1. A process for regenerating contaminated 70 to 90% by weight sulfuric acid containing water, which comprises distilling said contaminated sulfuric acid at a pressure of 5 to 12 torrs, condensing the distilling vapors containing sulfuric acid and water, withdrawing non-volatile distillation bottoms products; and concentrating the distillation condensate in a Pauling apparatus comprising a dephlegmator and a vessel, said vessel containing 96 to 97% by weight sulfuric acid, by heating said vessel to maintain the sulfuric acid at a boiling temperature, feeding said distillation condensate to the dephlegmator, stripping water from the condensate and concentrating the sulfuric acid in the vessel up to 96 to 97% by weight.
2. The process of claim 1 in which the contaminated sulfuric acid contains aromatic mono-and/or polycarboxylic acids and light and/or heavy metal salts thereof as impurities.
3. The process of claim 1 which comprises carrying out the distillation at a temperature of up to 200° C.
4. The process of claim 1 in which the distillation is carried out at a pressure of from 8 to 12 torrs.
5. The process of claim 1 in which the contaminated sulfuric acid is contacted with an inert absorbent prior to distillation.
6. The process of claim 5 in which 1 to 5% by weight of absorbents are added to the contaminated acid.
7. The process of claim 1 in which the contaminated sulfuric acid contains up to 2% by weight of organic impurities, based on carbon content.
8. The process of claim 1 in which the contaminated sulfuric acid contains aromatic mono and/or polycarboxylic acid impurities.
9. The process of claim 1 in which the contaminated sulfuric acid contains organic nitrogen compound impurities.
10. The process of claim 1 in which the contaminated sulfuric acid contains light and/or heavy metal salt impurities.
11. The process of claim 10 which comprises, during the distillation and condensing of the sulfuric acid, precipitating in the distillation apparatus and separating from the distillation bottoms heavy metal sulfate precipitates.
12. The process of claim 1 in which the contaminated sulfuric acid contains ammonium ions or forms ammonium ions during the distillation step.
13. The process of claim 1 which comprises adding to the contaminated sulfuric acid inorganic, positive 3 and/or 5 valent nitrogen compounds.
14. The process of claim 1 which comprises adding to the contaminated sulfuric acid 0.1 to 5% by weight of nitric acid or hydrogen peroxide.
15. The process of claim 1 which comprises continuously introducing the contaminated sulfuric acid into a volume of boiling sulfuric acid in the distillation apparatus, continuously distilling and condensing water and sulfuric acid, and continuously feeding the distillation condensate to the dephlegmator portion of the Pauling apparatus and continuously withdrawing 96 to 97% concentrated sulfuric acid from the vessel portion of the Pauling apparatus.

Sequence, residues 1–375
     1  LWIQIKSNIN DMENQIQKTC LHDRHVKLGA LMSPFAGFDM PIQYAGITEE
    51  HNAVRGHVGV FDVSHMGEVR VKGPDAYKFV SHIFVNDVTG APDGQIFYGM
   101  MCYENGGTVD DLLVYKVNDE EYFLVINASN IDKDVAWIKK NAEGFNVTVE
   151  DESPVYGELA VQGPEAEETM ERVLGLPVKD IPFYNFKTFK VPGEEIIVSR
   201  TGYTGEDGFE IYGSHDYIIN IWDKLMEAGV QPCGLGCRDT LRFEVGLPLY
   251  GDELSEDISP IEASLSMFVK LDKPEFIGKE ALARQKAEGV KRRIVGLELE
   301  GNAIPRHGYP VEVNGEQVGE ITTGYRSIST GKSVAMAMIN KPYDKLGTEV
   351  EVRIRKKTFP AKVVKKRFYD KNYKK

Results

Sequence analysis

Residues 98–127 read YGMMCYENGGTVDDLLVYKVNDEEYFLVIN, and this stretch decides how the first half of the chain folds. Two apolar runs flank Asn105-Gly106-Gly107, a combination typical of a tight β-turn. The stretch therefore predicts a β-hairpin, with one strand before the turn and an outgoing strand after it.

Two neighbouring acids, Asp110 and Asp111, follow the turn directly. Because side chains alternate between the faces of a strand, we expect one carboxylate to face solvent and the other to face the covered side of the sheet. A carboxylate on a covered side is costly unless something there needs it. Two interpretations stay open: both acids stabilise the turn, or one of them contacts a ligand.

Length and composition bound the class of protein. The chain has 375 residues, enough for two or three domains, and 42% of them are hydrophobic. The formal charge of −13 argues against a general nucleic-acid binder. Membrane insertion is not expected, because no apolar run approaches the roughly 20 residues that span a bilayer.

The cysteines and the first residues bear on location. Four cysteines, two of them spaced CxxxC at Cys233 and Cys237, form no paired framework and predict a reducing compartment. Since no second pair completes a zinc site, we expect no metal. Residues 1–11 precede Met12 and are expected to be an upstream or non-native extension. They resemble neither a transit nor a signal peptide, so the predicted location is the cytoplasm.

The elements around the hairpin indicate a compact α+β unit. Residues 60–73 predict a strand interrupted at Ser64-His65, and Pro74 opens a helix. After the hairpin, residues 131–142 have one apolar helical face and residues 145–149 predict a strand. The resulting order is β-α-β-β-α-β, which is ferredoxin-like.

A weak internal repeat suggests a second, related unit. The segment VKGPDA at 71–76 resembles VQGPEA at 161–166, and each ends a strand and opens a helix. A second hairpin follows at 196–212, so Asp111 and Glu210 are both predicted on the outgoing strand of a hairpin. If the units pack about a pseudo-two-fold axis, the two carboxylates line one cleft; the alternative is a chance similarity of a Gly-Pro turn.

16. The process of claim 1 in which the contaminated sulfuric acid contains aromatic mono-and/or polycarboxylic acids, organic nitrogen compounds and light and/or heavy metal and ammonium salts thereof as impurities.
17. A process for regenerating contaminated aqueous 70 to 90% by weight sulfuric acid containing up to 2% by weight organic impurities, based on carbon content, selected from the group consisting of aromatic mono- and polycarboxylic acids, organic nitrogen compounds and salts of light and/or heavy metal ions and ammonium ions, which comprises adding about 1 to 5% by weight nitric acid to the contaminated sulfuric acid, distilling the contaminated acid in a distillation apparatus, at a pressure of 5 to 12 torrs and at a temperature of up to 200° C, condensing the distillation vapors which contain water and sulfuric acid, withdrawing nonvolatile distillation bottoms products, feeding the distillation condensate to the dephlegmator portion of a Pauling apparatus, which apparatus comprises a vessel portion containing 96 to 97% by weight boiling sulfuric acid, stripping water from the condensate and concentrating the condensate sulfuric acid in the vessel portion up to 96 to 97% sulfuric acid.
18. The process of claim 17 in which the contaminated sulfuric acid contains impurities selected from the group consisting of copper, iron, ammonium, alkaline earth metal and alkali metal sulfates.
19. The process of claim 17 in which 0.1 to 5% by weight nitric acid is added to the contaminated sulfuric acid.
20. The process of claim 17 in which the organic impurities comprise phthalic acid.
21. The process of claim 17 in which organic impurities are decomposed to elemental carbon during the distillation step.
US05529520 1973-12-06 1974-12-04 Process for regenerating sulfuric acid Expired - Lifetime US3972987A (en)

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DE19732360706 DE2360706C3 (en) 1973-12-06 1973-12-06
DT2360706 1973-12-06

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DE (1) DE2360706C3 (en)
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GB (1) GB1490228A (en)

Cited By (9)

* Cited by examiner, † Cited by third party
Publication number Priority date Publication date Assignee Title
US4032622A (en) * 1974-03-14 1977-06-28 Hoechst Aktiengesellschaft Method of concentrating sulfuric acid using a boiler of improved cast iron
US4154791A (en) * 1977-12-27 1979-05-15 Allied Chemical Corporation Inhibition of corrosive attack by sulfuric acid on carbon steel
US4329155A (en) * 1979-07-14 1982-05-11 Hoechst Aktiengesellschaft Process for the purification of waste sulfuric acid containing fluoride
US4936955A (en) * 1988-08-12 1990-06-26 Alameda Instruments, Inc. Hydrofluoric acid reprocessing for semiconductor standards
US4980032A (en) * 1988-08-12 1990-12-25 Alameda Instruments, Inc. Distillation method and apparatus for reprocessing sulfuric acid
US5061348A (en) * 1988-08-12 1991-10-29 Alameda Instruments Sulfuric acid reprocessor with continuous purge of second distillation vessel
US5164049A (en) * 1986-10-06 1992-11-17 Athens Corporation Method for making ultrapure sulfuric acid
US5275701A (en) * 1993-03-15 1994-01-04 Air Products And Chemicals, Inc. Process for purification and concentration of sulfuric acid